The Nobel Prize in Chemistry 2016
Oct 7, 2016
The Nobel Prize in Chemistry 2016 was awarded jointly to Jean-Pierre Sauvage (University of Strasbourg, France),Sir J. Fraser Stoddart (Northwestern University, Evanston, IL, USA), and Bernard L. Feringa (University of Groningen, the Netherlands, and a plenary speaker at ECC6, where he was awarded by the GDCh) “for the design and synthesis of molecular machines”.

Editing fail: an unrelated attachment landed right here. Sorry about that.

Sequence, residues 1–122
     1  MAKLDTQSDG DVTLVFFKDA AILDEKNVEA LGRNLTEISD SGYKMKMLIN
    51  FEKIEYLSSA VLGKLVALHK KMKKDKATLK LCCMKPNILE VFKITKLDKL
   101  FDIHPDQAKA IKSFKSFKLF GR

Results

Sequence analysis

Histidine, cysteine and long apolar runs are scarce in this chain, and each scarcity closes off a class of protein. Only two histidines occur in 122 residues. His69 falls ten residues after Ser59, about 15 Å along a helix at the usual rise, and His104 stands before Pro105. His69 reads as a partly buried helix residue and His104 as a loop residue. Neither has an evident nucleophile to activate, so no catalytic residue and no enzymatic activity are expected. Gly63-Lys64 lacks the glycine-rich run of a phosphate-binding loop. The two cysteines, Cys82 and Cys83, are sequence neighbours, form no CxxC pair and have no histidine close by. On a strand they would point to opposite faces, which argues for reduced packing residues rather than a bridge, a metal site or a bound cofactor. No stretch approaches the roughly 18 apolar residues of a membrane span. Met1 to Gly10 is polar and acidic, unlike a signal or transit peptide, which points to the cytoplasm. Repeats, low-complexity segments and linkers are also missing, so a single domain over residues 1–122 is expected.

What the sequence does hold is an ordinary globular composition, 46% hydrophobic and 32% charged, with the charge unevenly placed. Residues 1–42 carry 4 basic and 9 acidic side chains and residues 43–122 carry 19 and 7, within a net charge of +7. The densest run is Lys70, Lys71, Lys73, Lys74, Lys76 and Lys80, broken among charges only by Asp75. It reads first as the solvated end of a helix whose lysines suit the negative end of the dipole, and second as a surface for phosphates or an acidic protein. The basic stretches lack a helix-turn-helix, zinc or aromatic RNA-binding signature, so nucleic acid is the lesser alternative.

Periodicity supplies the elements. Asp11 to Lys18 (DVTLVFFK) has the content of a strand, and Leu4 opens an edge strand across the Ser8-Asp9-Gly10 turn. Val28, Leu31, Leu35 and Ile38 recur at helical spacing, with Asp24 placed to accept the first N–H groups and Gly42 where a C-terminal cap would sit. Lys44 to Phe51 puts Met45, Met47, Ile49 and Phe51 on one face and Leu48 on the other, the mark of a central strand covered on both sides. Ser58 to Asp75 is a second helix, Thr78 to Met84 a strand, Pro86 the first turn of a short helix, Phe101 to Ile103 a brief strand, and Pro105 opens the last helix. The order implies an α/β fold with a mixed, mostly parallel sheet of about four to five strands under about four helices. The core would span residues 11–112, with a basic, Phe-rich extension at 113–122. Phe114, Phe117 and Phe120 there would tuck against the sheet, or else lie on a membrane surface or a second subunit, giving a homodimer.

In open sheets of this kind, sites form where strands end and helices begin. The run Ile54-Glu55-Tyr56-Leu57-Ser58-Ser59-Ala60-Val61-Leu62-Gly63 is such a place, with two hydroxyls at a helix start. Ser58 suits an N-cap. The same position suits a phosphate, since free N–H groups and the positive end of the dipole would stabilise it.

2016’s Nobel Laureates in Chemistry have taken molecular systems out of equilibrium’s stalemate and into energy-filled states in which their movements can be controlled. In terms of development, the molecular motor is at the same stage as the electric motor was in the 1830s, when scientists displayed various spinning cranks and wheels, unaware that they would lead to washing machines, fans and food processors. Molecular machines will most likely be used in the development of things such as new materials, sensors and energy storage systems.